Turn and turn around… ML Corea’s 10 years, 300 million won dream

Carlos Correa (29), an all-star level infielder who has been a hot topic every day in the Major League Stove League this winter, is expected to eventually be embraced by the Minnesota Twins, his original team. It ambitiously aimed for a ‘big deal’ in the ultra-long term, but lost both face and practicality due to the cold market evaluation.

According to local media on the 11th (Korean time), Correa agreed to a six-year, $200 million contract with Minnesota. He is said to be able to play for another four years, receiving up to $70 million if he meets his options.

It is by no means a small contract. This is true even considering the fact that he is a shortstop with top-notch offense in the major leagues. Correa hit 0.291 with 22 homers and 64 RBIs in 136 games last season.

The problem was in the process of reaching this contract. Correa originally belonged to the Houston Astros and challenged the free agent (FA) market after finishing the 2021 season. He dreamed of an extra-large, long-term contract, but no team came up with a winning offer. So, the destination I chose was Minnesota. It was a relatively short-term contract for three years and $105.3 million, but even that included an opt-out clause. It was an expression of confidence that he would be evaluated by the market whenever he wanted.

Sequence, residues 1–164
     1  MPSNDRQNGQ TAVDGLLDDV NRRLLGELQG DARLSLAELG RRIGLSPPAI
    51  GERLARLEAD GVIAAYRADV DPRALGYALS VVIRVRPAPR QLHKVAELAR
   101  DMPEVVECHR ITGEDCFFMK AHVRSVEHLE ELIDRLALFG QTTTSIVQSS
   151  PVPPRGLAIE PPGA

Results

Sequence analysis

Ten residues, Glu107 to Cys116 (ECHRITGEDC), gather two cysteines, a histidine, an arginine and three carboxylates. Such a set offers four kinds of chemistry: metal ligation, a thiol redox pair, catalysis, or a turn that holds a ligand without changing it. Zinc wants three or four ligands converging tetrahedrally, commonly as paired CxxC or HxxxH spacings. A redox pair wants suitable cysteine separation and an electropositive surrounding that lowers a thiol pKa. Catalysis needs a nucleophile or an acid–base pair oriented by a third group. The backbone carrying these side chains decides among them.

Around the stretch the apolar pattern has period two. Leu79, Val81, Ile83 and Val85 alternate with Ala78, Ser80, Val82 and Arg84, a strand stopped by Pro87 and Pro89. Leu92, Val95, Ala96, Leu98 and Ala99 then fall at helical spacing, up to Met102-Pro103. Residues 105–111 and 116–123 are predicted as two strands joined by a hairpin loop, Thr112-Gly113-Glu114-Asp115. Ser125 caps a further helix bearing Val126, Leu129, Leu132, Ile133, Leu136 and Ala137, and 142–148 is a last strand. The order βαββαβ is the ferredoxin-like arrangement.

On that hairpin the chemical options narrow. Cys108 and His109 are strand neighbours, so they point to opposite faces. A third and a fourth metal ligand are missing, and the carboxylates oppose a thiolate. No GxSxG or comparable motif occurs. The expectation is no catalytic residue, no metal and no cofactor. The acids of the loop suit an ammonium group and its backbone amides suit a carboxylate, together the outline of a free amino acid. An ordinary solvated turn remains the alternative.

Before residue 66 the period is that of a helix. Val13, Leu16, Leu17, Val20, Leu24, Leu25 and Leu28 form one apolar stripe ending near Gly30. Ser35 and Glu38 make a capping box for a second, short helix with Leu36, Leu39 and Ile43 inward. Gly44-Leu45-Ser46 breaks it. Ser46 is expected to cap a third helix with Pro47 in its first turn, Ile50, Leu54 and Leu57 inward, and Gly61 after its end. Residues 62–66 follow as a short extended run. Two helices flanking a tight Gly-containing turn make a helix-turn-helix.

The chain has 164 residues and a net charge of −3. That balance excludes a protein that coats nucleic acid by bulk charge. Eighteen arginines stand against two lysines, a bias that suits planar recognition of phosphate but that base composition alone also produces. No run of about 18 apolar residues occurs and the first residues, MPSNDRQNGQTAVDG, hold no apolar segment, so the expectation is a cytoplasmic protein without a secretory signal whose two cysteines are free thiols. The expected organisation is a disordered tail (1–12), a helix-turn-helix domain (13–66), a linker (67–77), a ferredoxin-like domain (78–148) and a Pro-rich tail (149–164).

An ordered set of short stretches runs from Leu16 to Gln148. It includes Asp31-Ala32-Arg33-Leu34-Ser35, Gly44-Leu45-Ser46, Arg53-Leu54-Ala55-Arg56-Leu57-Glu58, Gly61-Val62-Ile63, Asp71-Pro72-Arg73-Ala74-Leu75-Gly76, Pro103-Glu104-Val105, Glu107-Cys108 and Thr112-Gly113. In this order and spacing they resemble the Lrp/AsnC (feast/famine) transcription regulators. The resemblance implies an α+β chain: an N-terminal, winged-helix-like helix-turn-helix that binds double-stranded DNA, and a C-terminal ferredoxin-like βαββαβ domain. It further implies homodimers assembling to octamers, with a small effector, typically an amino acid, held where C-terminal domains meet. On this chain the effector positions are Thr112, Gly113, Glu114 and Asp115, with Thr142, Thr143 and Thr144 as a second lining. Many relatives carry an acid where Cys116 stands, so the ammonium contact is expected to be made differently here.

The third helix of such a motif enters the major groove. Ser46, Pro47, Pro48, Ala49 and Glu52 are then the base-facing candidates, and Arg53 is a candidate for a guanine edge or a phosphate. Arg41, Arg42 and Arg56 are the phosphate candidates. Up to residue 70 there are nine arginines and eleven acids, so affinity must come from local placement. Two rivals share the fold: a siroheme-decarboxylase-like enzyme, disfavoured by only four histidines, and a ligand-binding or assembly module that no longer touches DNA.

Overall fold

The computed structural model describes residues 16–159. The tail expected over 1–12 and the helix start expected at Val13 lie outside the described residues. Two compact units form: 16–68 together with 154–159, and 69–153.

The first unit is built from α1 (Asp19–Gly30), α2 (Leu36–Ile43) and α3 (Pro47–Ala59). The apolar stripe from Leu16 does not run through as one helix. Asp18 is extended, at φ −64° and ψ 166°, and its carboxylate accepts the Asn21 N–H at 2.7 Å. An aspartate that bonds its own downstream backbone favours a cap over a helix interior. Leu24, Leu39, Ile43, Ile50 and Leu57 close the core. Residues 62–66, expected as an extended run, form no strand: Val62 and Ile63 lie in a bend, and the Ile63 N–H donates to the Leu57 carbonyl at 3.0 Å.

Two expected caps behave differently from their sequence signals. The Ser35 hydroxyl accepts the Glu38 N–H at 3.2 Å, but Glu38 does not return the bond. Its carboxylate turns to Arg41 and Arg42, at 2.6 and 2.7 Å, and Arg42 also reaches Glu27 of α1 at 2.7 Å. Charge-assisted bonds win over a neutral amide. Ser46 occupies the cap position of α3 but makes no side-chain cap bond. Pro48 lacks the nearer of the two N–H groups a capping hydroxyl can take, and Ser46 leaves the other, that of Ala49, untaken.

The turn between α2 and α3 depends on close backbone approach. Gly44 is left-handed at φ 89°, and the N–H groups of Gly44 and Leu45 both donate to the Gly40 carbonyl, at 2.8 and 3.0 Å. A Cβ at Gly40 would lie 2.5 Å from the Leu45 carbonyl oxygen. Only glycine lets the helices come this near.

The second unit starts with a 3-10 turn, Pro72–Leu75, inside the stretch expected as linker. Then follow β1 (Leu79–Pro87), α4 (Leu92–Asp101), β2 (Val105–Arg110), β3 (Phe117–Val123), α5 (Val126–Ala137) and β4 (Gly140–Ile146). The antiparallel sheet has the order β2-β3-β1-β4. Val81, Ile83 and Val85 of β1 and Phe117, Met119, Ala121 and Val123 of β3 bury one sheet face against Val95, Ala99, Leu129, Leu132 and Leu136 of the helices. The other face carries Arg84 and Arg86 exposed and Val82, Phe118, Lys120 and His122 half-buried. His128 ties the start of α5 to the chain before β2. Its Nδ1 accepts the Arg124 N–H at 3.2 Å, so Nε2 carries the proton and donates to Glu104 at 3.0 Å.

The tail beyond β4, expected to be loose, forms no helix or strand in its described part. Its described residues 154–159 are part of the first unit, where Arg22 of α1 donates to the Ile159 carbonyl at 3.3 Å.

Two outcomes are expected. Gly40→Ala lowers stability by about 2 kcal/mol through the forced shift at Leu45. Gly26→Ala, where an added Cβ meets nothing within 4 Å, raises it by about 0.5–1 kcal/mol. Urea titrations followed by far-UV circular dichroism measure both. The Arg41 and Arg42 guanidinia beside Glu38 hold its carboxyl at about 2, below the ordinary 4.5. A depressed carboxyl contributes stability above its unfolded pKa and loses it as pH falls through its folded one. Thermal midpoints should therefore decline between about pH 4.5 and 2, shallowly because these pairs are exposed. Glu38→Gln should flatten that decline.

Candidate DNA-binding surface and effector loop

In fact, Correa declared an opt-out immediately after successfully finishing last season. Minnesota offered 10 years and $285 million, but he turned it down. Afterwards, Correa’s ambition seemed to come true as he agreed to the longest contract in major league history at 13 years and $350 million with the San Francisco Giants.

From then on, things went awry. San Francisco canceled the schedule just before the joining press conference. It was because there was a point of concern in the physical condition as a result of the medical test. 스포츠토토

Then, just hours later, it was revealed that Correa had agreed to a 12-year, $315 million contract with the New York Mets. As the owner of Steve Cohen himself expressed his expectations, it seemed certain that it would happen. However, the Mets also expressed concerns about Correa’s injury history.

Correa, who is considered one of the representative glass bodies in the major leagues, has played with big and small injuries since debuting in the big leagues in 2015. The injured area ranged from the back to the legs. As a result, between 2017 and 2019, he played less than 100 games per year on average.

As a result, he signed a contract that reduced both the amount and duration than previously agreed with the San Francisco and Mets. It is even $15 million less than the offer Minnesota made at the beginning of the Stove League. A Puerto Rican national, he will compete in the World Baseball Classic (WBC), which will begin in March.

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